This morning we slept in a little and I untied from the mooring around 7:30 am.  We caught the tide all the way to our marina in Catskill where we tied up right at noon. 

As we motored by Saugerties I emailed a co-worker and boating friend I knew at Farm Family insurance and said something like, “I’m out here boating on a beautiful, calm river enjoying the Sun and warmth.  What are you doing?”  About 5 minutes later my phone rang and I was told, “Some of us have to work for a living!”  It was fun and we’re looking forward to seeing both old and new friends at the boat this summer. 

WE’RE HERE!  YEA!

The picture is Second Wind at her new summer home…..

Entry for May 27, 2008

May 30, 2008

Second Wind is now anchored in Chesapeake City, Maryland after a very calm and stress-free day motoring up the north end of Chesapeake Bay. 

I was up early this morning as I wanted to be at Buddy’s Crab House for their breakfast buffet when they opened at 8:30 am.  I woke up and looked at the clock which said 7:30 so I got up and showered then woke up Laura who also showered.  I then updated all my weather websites on the free wi-fi Internet in Annapolis harbor while waiting for Laura to get out of the shower.  As she joined me in the salon she said, “Did you know it’s only 7:15 am?”  Holy Cow!  I had mis-read the clock and got us up an hour early.  We used the time to get the boat ready to leave the mooring and took the dinghy into town around 8:10.

The buffet was just as good as I remembered.  My favorite was the omelet bar where you pick out all the fixings and put them in a little cardboard cup to hand to the person cooking the omelets.  I loaded up on shrimp, crab meat and scallops along with a few mushrooms and onions.  This seafood omelet was excellent and I highly recommend it.  We finished up breakfast (I think I had 3 breakfasts) and headed back to the boat.  Once there we pulled up the dinghy motor and secured it to the rail.  I then hauled up the dinghy while Laura worked downstairs finishing up stowing gear.  Even though the weather report was for calm winds and seas, we don’t take any chances.  Everything gets stowed just like we were heading to sea and expecting 10 foot waves (well…  maybe not that bad….).

We pulled our lines from the mooring and were underway out of Annapolis harbor by 9:30 am.  We motored up a VERY busy Chesapeake Bay toward the northern end where we would enter the Chesapeake and Delaware (C & D) Canal.  The day was uneventful and we entered the Chesapeake City anchorage about 2 miles into the C & D Canal around 7 pm.

We were only about 100 feet into the anchorage when the depth sounder alarm went off and we almost immediately went aground in soft mud (I can tell all the bottom types from how they feel now).  The anchorage looked pretty full and the town was in a definite party mood so we weren’t sure if we should try again or not.  But, the next good anchorage was about 15 miles away so I decided to try entering more to port and the bottom never went below 7 feet.  We entered the anchorage and motored SLOOOWWWLY around while checking the bottom depth and trying not to run into all the powerboats anchored.  I finally decided to anchor right in front of the marina where we could make a quick get-away easily in the early morning hours.  I definitely would not have enjoyed this anchorage if there was any wind predicted for the night or we were staying more then 6 or 7 hours.  We were very close to other boats and the band from the marina sounded like it was right outside our boat.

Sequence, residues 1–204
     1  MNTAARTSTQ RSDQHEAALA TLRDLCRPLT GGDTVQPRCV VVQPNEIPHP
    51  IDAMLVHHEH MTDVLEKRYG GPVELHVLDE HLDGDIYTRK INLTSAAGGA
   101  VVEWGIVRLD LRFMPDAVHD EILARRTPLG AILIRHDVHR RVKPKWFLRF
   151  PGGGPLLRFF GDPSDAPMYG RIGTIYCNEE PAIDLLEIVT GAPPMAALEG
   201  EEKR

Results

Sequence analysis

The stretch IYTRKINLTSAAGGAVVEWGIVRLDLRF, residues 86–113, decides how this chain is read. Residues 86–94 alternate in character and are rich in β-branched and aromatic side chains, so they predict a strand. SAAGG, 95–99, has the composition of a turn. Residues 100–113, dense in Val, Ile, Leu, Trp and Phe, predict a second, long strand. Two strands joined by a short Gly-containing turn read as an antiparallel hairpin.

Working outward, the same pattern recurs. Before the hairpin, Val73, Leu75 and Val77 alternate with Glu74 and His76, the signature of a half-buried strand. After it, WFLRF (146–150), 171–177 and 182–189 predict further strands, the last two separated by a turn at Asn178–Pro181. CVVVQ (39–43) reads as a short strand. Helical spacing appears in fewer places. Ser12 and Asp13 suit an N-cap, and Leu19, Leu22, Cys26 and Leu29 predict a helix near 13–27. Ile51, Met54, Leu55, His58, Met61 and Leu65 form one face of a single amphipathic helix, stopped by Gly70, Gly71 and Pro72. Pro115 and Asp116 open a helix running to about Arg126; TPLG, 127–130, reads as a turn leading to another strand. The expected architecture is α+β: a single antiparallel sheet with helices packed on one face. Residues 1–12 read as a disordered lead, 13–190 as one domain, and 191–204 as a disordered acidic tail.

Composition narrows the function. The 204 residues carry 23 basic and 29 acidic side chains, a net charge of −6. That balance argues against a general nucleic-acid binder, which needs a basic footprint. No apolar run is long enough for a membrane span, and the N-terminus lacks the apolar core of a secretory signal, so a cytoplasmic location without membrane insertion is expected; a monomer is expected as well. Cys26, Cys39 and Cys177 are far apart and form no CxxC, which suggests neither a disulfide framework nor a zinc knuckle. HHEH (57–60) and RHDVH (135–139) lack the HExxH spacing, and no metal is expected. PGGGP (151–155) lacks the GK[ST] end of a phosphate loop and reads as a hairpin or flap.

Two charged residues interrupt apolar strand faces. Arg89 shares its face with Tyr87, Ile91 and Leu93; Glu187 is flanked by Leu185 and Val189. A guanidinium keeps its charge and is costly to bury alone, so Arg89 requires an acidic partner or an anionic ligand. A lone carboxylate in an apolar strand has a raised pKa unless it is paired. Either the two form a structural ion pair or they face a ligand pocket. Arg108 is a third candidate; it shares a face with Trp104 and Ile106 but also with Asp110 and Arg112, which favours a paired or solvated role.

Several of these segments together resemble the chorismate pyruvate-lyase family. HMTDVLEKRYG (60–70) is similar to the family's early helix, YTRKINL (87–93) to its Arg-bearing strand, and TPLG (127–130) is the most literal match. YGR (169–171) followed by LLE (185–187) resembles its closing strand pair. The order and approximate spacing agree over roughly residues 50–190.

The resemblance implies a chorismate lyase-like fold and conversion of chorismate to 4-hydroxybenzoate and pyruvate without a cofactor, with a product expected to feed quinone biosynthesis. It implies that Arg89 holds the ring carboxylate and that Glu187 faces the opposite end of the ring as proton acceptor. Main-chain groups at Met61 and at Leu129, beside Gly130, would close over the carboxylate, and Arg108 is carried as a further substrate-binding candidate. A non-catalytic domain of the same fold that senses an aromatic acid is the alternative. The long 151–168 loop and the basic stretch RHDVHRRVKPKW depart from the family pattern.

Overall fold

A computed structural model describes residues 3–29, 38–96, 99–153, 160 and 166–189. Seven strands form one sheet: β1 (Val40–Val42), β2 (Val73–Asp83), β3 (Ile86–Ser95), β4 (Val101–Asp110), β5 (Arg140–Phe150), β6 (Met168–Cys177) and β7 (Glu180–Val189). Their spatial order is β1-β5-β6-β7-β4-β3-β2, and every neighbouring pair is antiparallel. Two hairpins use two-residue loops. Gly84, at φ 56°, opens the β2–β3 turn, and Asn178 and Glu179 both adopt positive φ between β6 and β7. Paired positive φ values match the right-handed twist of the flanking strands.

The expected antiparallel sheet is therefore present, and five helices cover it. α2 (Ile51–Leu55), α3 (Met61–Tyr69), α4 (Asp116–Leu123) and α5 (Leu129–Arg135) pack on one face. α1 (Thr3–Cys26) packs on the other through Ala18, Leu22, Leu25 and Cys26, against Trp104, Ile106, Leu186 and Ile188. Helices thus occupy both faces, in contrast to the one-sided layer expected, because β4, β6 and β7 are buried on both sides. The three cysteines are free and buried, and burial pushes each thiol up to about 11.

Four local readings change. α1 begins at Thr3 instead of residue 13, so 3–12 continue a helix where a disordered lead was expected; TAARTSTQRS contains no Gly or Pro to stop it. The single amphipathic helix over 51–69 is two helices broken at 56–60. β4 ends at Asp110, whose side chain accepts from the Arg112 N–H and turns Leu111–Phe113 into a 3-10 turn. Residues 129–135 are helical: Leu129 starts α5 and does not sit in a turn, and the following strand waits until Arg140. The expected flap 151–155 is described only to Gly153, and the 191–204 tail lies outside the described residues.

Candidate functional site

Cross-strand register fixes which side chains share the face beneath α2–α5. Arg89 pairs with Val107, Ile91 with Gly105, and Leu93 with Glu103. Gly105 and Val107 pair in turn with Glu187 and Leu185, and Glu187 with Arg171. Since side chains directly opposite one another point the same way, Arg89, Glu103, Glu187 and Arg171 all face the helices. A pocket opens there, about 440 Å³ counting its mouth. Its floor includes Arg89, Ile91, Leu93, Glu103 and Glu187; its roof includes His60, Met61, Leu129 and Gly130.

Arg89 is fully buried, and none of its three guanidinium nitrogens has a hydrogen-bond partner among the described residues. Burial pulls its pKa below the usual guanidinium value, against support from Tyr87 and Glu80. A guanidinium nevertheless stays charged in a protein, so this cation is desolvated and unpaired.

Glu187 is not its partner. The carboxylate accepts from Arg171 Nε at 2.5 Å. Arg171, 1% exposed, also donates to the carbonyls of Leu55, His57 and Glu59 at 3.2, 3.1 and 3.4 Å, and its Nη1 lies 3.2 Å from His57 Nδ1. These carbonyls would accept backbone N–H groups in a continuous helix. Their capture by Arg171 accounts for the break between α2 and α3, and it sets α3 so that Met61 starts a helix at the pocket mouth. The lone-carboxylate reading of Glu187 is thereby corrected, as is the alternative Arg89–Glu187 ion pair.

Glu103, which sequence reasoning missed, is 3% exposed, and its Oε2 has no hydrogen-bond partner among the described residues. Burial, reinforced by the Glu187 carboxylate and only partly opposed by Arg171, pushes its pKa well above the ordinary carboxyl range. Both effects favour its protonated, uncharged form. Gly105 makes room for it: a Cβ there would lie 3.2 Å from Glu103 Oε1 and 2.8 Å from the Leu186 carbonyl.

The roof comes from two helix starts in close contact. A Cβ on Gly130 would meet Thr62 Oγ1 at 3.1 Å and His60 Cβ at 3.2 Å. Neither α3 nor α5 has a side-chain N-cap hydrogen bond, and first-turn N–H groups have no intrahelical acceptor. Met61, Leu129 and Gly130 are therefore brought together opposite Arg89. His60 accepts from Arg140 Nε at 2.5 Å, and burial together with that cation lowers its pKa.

Laura made spaghetti for dinner which we ate in the cockpit watching all the “go-fast” boats with their big V8 engines idle around the marina.  The place was a real zoo and we enjoyed every minute of it.  Everyone was looking at us as we were the only big, cruising sailboat anchored in the harbor.  I was glad I had cleaned 3,000 miles from the hull in Annapolis and we polished the stainless rails just today.  The boat looked pretty spiffy!

We will be leaving at 2:30 am to take advantage of the tides in the C & D Canal as well as Delaware Bay.  The weather looks excellent for sailing up the coast to NYC over the next 2 days with southwest winds 15-20 knots that will push us right up the coast.  Then there are thunderstorms predicted for Tuesday evening which we will spend somewhere in NY Harbor catching up on sleep.  The rest of the week looks excellent for sailing up the Hudson River and I’m really looking forward to it.